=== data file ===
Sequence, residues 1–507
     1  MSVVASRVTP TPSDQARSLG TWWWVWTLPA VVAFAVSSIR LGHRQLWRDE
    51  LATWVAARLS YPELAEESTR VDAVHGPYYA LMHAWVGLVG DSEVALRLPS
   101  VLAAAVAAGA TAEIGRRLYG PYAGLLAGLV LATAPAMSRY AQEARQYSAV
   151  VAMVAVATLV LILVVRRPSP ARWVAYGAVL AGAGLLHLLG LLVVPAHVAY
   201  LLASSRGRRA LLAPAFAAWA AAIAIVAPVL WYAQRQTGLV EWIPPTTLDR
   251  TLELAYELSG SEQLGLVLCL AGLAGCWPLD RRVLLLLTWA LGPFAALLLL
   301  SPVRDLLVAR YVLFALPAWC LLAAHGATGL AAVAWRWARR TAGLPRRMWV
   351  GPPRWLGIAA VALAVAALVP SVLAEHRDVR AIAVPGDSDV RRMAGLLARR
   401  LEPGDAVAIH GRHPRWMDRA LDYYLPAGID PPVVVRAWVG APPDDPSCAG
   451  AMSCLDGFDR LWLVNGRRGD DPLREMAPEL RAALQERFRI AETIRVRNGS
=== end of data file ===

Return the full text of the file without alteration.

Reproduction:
Sequence, residues 1–507
     1  MSVVASRVTP TPSDQARSLG TWWWVWTLPA VVAFAVSSIR LGHRQLWRDE
    51  LATWVAARLS YPELAEESTR VDAVHGPYYA LMHAWVGLVG DSEVALRLPS
   101  VLAAAVAAGA TAEIGRRLYG PYAGLLAGLV LATAPAMSRY AQEARQYSAV
   151  VAMVAVATLV LILVVRRPSP ARWVAYGAVL AGAGLLHLLG LLVVPAHVAY
   201  LLASSRGRRA LLAPAFAAWA AAIAIVAPVL WYAQRQTGLV EWIPPTTLDR
   251  TLELAYELSG SEQLGLVLCL AGLAGCWPLD RRVLLLLTWA LGPFAALLLL
   301  SPVRDLLVAR YVLFALPAWC LLAAHGATGL AAVAWRWARR TAGLPRRMWV
   351  GPPRWLGIAA VALAVAALVP SVLAEHRDVR AIAVPGDSDV RRMAGLLARR
   401  LEPGDAVAIH GRHPRWMDRA LDYYLPAGID PPVVVRAWVG APPDDPSCAG
   451  AMSCLDGFDR LWLVNGRRGD DPLREMAPEL RAALQERFRI AETIRVRNGS